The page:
my ID


Gemini Observatory
670 N. A'ohoku Place
Hilo, Hawaii 96720, USA
tel +1-808-974 2645
fax +1-808-974 2589

Brief Bio

Since 2012, I am serving as the Director of the Gemini Observatory. Gemini is an international parternship between Argentina, Australia, Brazil, Canada, Chile and the United States, with headquarters in Hilo, Hawaii and La Serena, Chile. The observatory is operating two 8m-class telescopes - one on top of Maunakea in Hawaii, the other on Cerro Pachon in Chile.


I remain an adjunct Professor (Privatdozent) at the Ludwig-Maximilians University Munich, where I have been teaching since 2005.
In 2015, I will be teaching as affiliated faculty at the University of Hawaii in Hilo.


From 2000 to 2012, I was a senior Faculty member at the European Southern Observatory. Since 2008, I was working as the Project Scientist for the European Extremely Large Telescope Project, and shared my time between project work and astronomical research.


As for my early careeer: I obtained my PhD in early 1997 from the University of Bonn, then moved (partly on a Feodor-Lynen stipent from the Humboldt Foundation) to the University of California Observatories at the UC Santa Cruz where I have spent nearly two years.
I came to ESO in late 1998 on a fellowship and moved on a faculty position in early 2000 to serve as instrument scientist. Over the next years, I worked on the instruments VIMOS, SINFONI, HAWK-I and KMOS before taking up in early 2008 the position of project scientist for the E-ELT.

Read more in my Curriculum Vitae (version 2014) if interested.


My main scientific interests are the formation and evolution of stars and star clusters, as well as the formation and evolution of galaxies - and the connection between these two, today and in the early universe.

I am a founding member of the MASSIV collaboration, aiming at tracing the mass assembly in galaxies since the earliest times.

Since a few years, I am concentrating on studying the existence and the role of intermediate-mass black holes, and how these link the two topics above. Our group is mostly observationally driven, but performs more and more simulations on specialised hardware.

Recently, I also became interested in Astrobiology and Exoplanets atmospheres.

I was involved in founding on the Garching Campus the IMPRS Graduate School for Astrophysics, and the Cluster of Excellence for Fundamental Physics Origin and Structure of the Universe.

Excellence Cluster

Between January 2007 and December 2009, I chaired the ESO Astronomy Faculty (about 80 members).

More details can also be found by scanning through my list of publications or list of referred papers. Or just contact me!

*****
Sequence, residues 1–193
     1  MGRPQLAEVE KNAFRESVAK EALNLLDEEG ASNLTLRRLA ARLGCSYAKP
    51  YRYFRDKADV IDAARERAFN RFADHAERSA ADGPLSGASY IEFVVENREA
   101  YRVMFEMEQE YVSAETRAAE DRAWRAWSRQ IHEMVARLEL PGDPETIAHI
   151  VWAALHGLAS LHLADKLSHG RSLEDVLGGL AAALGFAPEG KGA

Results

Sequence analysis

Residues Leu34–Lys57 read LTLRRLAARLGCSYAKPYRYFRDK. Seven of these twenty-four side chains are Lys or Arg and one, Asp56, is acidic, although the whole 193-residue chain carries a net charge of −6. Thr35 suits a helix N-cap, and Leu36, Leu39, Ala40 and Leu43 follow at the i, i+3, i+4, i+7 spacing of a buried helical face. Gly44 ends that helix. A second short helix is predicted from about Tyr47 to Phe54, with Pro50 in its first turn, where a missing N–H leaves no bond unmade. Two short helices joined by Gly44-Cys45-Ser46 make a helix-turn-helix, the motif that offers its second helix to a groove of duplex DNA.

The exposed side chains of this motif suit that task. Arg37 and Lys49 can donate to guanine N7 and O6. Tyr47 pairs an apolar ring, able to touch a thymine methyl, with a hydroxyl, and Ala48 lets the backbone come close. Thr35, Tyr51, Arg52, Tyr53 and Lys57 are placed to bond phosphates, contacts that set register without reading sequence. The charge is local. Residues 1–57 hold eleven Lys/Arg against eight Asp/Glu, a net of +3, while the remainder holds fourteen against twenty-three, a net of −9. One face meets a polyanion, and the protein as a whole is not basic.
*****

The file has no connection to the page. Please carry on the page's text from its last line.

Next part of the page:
As an adjunct professor (Privatdozent) at the
Ludwig-Maximilians University Munich, I have a light teaching load.

Since 2014, I am also an affiliated Faculty at the University of Hawaii at Hilo, where I will be teaching in Spring 2015.

Current lectures/classes at the LMU and UH Hilo:

* LMU Sommersemester 2014: An Introduction to Astrobiology (P4/5.0.29)
* UH Hilo Spring 2015: Life in the Universe

Past lectures/classes at the LMU:
* Wintersemester 2010/2011: Astrophysical advanced seminar (P4.0.6)
* Sommersemester 2011: An Introduction to Astrobiology (P5.0.29)
* Wintersemester 2011/2012: Astrophysical advanced seminar (P4.0.6)
* Sommersemester 2012: An Introduction to Astrobiology (P5.0.29)

PhD/Master thesis topics under my supervision:

Please feel to contact me for Master or PhD thesis subjects.
The two areas of research I supervise currently are:
* Intermediate-mass Black Holes
* (Exo-) Planet/Moons atmospheres

[Jan 2013] I am currently unlikely to accept Master or PhD students.


On the project side

Between February 2008 and July 2012, I was supporting as Project Scientist the detailed design phase (B) of the
European Extremely Large Telescope Project, the next European giant telescope: a 1.2 billion Euro facility that promises incredible scientific breakthroughs.


On the instrumentation side

Between March 2000 and January 2008, I was active as Instrument Scientist in the
Optical Instrument department, the Adaptive Optics department, and last in the NIR instrumentation department.
I have acted as Instrument Scientist for the following instruments:
  • VIMOS, an optical multi-object and integral-field spectrograph
  • SINFONI, an adaptive optics assisted near-infrared integral-field spectrograph ,
  • HAWK-I, a near-infrared wide-field imager, and
  • KMOS, a near-infrared multi-object spectrograph based on deployable integral-field units.

I am still actively promoting integral-field spectroscopy, until recently through the Euro3D Research Training Network.


Last update, May 2014